One of the things I hadn’t originally planned for, because I had no idea it existed, was using UB-reactive pigments (they glow under black lights) and I decided to use them because I liked the idea of having a little extra perk to the bracelets and they were the same price as the regular opaque pigments. The interesting thing about UV-reactive pigments is that they come in the “neon” shades that most of us are familiar with (especially those of us who remember how popular “day-glo” colours were in the 1990’s…ooo I am dating myself ha ha) and that means that certain colours are not true to their name – for example, neon “red” actually looks more pink in daylight. So once I had the hang of mixing different pigments, I did one or two bracelets where I tried out mixing the UV pigments with the regular pigments, particularly to try to make neon red look more like a true red.

As far as colours went, I was really happy with how the colours turned out, since I decided to do one of each colour for my first batch of ten. You can see in the photo where I had the bracelets under a blacklight, the bracelet on the farthest left doesn’t seem to glow – this was the mixed red bracelet, it did in fact glow, but it require the blacklight to be much closer to the bracelet than the other bracelets. It was an interesting effect, the non-UV pigment didn’t take away the glow entirely, it just rendered it more subtle.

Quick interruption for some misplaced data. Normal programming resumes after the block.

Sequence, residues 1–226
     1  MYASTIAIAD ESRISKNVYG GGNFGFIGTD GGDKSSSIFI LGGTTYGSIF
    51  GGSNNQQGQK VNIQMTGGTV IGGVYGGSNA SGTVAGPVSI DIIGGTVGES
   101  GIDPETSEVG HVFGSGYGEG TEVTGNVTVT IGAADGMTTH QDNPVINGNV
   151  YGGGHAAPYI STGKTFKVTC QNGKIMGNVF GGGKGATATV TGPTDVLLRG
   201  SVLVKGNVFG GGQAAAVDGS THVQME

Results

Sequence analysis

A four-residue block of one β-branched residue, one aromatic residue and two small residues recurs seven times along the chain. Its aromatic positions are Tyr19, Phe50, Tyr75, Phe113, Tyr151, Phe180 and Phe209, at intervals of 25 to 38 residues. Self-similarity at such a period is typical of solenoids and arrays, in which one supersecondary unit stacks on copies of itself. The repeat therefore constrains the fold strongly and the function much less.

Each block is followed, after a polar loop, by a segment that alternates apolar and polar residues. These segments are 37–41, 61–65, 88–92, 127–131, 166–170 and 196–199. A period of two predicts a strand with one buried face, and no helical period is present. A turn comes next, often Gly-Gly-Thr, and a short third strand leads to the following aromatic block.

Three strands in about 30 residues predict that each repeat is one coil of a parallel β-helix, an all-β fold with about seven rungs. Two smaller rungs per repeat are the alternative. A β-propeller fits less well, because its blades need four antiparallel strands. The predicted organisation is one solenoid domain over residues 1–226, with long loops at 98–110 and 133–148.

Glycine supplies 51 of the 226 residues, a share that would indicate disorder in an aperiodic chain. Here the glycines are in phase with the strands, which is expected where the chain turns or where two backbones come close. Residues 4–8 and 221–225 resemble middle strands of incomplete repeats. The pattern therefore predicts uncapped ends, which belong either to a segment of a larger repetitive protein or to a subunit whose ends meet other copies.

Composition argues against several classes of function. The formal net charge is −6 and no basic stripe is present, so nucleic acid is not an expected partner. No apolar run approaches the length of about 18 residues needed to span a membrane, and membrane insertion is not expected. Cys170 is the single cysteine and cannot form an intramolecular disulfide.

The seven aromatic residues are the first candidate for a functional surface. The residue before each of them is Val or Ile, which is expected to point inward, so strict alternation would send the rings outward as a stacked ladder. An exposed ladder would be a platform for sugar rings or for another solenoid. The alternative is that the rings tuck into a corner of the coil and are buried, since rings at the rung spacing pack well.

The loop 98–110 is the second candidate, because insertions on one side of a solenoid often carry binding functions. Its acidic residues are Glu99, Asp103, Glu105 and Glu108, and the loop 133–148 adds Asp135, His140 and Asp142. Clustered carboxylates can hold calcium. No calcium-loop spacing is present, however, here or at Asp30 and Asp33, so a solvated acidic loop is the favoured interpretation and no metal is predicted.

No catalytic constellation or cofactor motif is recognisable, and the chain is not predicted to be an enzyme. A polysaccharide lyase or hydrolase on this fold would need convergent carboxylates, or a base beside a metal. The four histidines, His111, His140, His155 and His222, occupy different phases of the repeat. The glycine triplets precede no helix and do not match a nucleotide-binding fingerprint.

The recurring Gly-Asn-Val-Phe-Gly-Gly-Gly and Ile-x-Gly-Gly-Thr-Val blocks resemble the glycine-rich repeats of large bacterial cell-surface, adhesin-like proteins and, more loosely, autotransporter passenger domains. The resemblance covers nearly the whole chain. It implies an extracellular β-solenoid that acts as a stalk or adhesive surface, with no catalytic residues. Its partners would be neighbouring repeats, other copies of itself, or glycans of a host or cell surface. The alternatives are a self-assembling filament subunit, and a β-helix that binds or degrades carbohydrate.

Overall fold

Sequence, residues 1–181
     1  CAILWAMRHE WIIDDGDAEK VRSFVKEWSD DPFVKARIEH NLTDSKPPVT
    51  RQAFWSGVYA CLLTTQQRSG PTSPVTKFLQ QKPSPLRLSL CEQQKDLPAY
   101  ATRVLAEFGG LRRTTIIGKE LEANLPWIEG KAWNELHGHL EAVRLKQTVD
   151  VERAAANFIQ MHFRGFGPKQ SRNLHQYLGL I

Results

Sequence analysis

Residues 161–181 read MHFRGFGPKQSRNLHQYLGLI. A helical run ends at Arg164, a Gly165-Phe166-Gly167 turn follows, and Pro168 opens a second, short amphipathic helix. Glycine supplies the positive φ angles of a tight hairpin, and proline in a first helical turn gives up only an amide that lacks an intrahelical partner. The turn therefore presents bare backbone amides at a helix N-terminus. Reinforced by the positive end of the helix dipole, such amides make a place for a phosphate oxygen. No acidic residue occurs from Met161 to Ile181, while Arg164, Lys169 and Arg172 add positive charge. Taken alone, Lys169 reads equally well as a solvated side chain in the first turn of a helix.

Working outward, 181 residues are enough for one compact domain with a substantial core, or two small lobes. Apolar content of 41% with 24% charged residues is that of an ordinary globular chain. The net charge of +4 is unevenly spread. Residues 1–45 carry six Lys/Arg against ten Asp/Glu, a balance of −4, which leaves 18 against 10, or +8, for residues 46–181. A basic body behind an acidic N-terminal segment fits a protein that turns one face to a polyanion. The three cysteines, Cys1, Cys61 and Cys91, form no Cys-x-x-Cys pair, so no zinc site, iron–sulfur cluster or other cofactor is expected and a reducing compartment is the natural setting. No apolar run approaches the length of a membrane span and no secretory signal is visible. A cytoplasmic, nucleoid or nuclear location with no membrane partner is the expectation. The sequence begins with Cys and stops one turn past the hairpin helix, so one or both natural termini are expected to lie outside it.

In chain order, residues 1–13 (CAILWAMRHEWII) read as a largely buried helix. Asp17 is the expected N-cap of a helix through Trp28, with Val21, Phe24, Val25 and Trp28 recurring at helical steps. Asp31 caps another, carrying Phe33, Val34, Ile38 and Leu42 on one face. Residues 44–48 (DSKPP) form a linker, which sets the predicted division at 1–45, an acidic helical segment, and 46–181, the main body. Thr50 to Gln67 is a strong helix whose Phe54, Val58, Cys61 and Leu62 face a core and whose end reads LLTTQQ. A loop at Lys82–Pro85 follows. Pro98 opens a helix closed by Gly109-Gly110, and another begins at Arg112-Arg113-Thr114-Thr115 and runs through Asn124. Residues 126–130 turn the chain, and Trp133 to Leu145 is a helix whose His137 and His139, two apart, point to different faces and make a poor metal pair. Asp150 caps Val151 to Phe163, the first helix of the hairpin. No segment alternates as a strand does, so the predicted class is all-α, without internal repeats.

8. Analyse What Went Right

I was really happy with the colours and the clarity of my casting – I was able to successfully make a mold that not only captured every scale on my bracelet model but also created proper holes for the snaps. I got the hang of both mixing the catalyst and silicone to make it properly cure and I had a lot of fun mixing the pigments together to create a bracelet in every colour of the rainbow.

9. Figure Out What Went Wrong

Well I definitely learned that it takes more to degas silicone than a homemade degas tank, I am not even sure how much air I was able to remove with the pump since it was a pretty big box with lots of open space in it. That part wasn’t such a big deal, what was probably the biggest error in my project was that I ended up with bracelets that were actually too fat for me to affix the metal snaps I had bought and intended to attach to them. Basically, those snaps feature a metal post that goes through the material and through the other piece, and you need enough post sticking out of the top of the second piece to allow you to bash it with a hammer to flatten it and thus affix the snap permanently.